Massachusetts Daily Collegian

A free and responsible press serving the UMass community since 1890

A free and responsible press serving the UMass community since 1890

Massachusetts Daily Collegian

A free and responsible press serving the UMass community since 1890

Massachusetts Daily Collegian

UMass hockey making strides toward improvement during final stretch of 2016-17

Judith Gibson-Okunieff/Collegian
Judith Gibson-Okunieff/Collegian

It goes unsaid how difficult it is to not only put your program in place, but to have it excel when taking over as a new head coach at any institution – be it collegiate or professional.

For Massachusetts hockey coach Greg Carvel, the challenges are the same. Playing in arguably the toughest conference in the country, Hockey East, UMass competes with the stiffest of competition, among the likes of historic powerhouses Boston College, Boston University and Providence College.

The Minutemen hold a 5-17-2 record overall and are 2-9-1 in conference through 24 games. UMass has lost five straight dating back to Dec. 31 and are averaging exactly 2.00 goals per game while allowing 3.46 to the opposition – which ranks last in both scoring offense and defense in Hockey East.

Moreover, the power play is struggling mightily. The Minutemen are a lowly 14-for-135 on the man advantage (10.4 percent), which is also last in the conference.

“After our first 12 games, I saw us take some good steps. I think after our second third of games, I’d like to see us be a little bit ahead in being able to create offense,” Carvel said after practice Tuesday. “That’s probably the one area – and the power play is a big part of it – we’re scoring one or two goals a game and that’s one area where we should be able to create more and score more.”

UMass is struggling, but it certainly hasn’t been for lack of effort. The talent level across players in the conference compared to those in Amherst puts the Minutemen at a disadvantage before the puck is even dropped.

But these difficulties were to be expected. In fact, the 2016-17 campaign has gone nearly exactly how Carvel envisioned it would.

“We compete and play hard,” he said. “We’re learning to defend. I wish we were better in our own end. I wish our power play was better. Those are really the only two areas I think we could be better. On the whole, the year has gone almost exactly how I thought it would. I didn’t know if we’d win five, eight or 10 games. Honestly, I come out of games like the Boston College game (6-1 defeat) with a lopsided score and didn’t think we played that badly.”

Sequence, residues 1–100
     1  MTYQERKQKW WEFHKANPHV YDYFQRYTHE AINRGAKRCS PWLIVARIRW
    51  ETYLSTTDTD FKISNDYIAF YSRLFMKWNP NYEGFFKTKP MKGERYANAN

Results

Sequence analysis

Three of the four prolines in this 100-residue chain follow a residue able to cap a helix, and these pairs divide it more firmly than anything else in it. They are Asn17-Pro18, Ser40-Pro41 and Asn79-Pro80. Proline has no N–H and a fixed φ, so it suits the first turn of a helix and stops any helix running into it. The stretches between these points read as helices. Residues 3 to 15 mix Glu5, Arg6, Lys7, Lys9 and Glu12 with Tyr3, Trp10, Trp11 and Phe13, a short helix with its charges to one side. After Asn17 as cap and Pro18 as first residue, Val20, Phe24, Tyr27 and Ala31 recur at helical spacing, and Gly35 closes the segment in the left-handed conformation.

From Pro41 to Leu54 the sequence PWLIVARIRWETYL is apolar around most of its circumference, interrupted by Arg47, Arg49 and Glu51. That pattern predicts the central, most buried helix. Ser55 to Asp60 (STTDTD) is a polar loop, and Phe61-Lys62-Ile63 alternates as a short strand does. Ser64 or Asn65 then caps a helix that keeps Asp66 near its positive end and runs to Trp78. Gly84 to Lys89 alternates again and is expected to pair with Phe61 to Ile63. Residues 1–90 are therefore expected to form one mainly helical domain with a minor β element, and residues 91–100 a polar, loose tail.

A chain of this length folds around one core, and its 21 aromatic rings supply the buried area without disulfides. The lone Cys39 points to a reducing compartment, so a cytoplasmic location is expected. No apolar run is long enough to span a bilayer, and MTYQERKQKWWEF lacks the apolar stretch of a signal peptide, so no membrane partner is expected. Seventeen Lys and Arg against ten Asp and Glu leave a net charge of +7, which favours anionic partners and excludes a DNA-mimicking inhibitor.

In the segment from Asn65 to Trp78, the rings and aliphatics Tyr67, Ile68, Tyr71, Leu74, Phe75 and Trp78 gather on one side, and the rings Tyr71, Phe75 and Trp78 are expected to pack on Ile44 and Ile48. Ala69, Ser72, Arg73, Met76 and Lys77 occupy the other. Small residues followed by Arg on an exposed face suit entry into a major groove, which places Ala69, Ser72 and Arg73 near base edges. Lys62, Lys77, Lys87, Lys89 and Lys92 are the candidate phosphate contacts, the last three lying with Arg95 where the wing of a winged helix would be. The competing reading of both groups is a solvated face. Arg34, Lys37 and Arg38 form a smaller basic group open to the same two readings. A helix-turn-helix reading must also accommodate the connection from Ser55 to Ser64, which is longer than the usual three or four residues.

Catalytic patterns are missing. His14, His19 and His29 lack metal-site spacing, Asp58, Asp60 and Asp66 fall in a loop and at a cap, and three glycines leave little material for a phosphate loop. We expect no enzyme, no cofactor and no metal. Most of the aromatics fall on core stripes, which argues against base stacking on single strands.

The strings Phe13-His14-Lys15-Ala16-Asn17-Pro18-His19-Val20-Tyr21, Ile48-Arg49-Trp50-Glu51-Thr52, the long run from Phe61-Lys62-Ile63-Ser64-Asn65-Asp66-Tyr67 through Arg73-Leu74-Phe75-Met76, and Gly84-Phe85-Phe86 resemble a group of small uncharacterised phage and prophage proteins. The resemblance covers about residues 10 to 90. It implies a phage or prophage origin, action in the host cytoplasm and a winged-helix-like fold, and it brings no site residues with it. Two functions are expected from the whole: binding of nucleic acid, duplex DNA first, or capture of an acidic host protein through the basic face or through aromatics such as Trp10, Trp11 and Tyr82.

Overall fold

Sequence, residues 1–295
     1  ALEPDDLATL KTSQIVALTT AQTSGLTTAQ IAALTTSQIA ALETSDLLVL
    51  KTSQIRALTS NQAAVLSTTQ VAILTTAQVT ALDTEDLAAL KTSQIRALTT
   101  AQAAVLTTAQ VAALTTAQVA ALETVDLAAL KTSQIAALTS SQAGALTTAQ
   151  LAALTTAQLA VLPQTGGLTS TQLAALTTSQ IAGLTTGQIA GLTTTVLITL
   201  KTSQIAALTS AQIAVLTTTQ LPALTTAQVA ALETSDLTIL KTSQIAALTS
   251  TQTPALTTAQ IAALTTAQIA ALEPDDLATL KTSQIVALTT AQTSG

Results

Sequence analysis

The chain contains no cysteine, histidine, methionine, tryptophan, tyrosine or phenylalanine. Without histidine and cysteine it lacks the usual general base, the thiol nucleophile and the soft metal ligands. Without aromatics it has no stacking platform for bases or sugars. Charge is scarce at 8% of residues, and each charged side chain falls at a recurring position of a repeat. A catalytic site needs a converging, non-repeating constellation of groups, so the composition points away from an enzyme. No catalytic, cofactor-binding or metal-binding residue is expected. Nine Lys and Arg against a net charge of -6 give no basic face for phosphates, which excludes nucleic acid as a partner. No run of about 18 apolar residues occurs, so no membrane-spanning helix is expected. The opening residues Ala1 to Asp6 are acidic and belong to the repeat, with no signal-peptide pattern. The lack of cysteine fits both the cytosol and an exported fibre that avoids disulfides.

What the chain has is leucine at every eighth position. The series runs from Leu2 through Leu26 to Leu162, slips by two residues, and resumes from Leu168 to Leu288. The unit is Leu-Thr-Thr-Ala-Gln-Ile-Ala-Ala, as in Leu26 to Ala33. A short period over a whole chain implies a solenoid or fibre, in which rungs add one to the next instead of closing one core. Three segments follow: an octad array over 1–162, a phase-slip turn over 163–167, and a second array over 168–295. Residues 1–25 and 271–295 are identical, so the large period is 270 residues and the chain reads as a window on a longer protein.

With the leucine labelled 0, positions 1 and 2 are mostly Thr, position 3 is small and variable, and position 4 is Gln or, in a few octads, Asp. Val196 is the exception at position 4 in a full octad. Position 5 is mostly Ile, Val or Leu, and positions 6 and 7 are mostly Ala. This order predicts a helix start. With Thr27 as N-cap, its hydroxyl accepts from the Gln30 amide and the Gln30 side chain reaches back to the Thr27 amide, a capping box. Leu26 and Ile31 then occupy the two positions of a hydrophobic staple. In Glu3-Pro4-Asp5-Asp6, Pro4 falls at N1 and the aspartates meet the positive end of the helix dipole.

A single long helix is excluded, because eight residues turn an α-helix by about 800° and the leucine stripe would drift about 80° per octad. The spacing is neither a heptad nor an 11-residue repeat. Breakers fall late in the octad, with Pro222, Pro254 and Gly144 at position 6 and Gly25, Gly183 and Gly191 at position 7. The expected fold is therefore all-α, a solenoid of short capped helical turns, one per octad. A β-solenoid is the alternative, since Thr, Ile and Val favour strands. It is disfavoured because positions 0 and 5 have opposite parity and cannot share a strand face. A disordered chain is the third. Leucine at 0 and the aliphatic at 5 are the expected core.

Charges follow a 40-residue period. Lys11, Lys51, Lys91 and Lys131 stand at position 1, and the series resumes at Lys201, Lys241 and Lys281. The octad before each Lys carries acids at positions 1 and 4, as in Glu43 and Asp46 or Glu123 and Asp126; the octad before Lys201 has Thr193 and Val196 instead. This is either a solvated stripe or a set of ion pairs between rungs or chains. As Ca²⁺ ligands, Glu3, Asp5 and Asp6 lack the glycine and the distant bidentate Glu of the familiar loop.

UMass has 10 games remaining, essentially one-third of its season, with four games to be played at the Mullins Center and another six on the road at fellow conference arenas, beginning this Friday with a road doubleheader at Maine.

Carvel is looking inward and at his team to improve, rather than making excuses in a struggling first season, which is not foreign to first-year head coaches behind the bench in Amherst.

The Minutemen were 12-19-3 overall and 9-16-2 in the Hockey East in John Micheletto’s first season as coach in 2012, and were 8-22 in Don “Toot” Cahoon’s first season at UMass in 2000.

It’s the defense more than the offense that Carvel thinks can change the landscape of the Minutemen’s performances most.

“My goals are to see how few mistakes we can make in a game,” Carvel said. “I worry more about giving the other team free offense than what we create. I want us to be really stringent without the puck. If the other team is going to get a scoring chance, they have to earn it. They have to out-will and out-skill us.”

“I’m looking for guys who can execute our system as close to perfect as we can,” Carvel added. “I believe strongly that good defense leads to good offense. As soon as we get the defensive side square, that will lead to good offense.”

“We have to find a way to put pucks on net,” Minutemen senior captain Steven Iacobellis said. “I know we’ve been outshot in a lot of games this season, but we have put the puck on net and start scoring some of those dirty goals and just keep competing. We’re stressing every day just get better for the future.”

Iacobellis leads UMass with 14 points and has played in all 24 of the team’s games. The consistency hasn’t been where he nor the team would have hoped on a per-game basis to this point, but the captain relays that the Minutemen have taken significant strides since the first puck drop of the season on Oct. 7 – a credit to the efforts of Carvel and assistant coaches Jared DeMichiel and Ben Barr despite the team’s overall record.

“There’s definitely been a lot of improvement, no doubt about it,” Iacobellis said. “The biggest thing with us is consistency. There’s games where we’ve really brought it and even parts of games where we’ve brought it.”

Iacobellis added: “I think we’ve come a really long way and that’s what we’ve stressed all year – not worrying about the wins and losses even if games look like they’re out of hand. When we watch film there’s a lot of things that we’ve done well and competing is one area is where we’ve improved on but we can definitely do better.”

Kyle DaLuz can be reached at [email protected], and followed on Twitter @Kyle_DaLuz.

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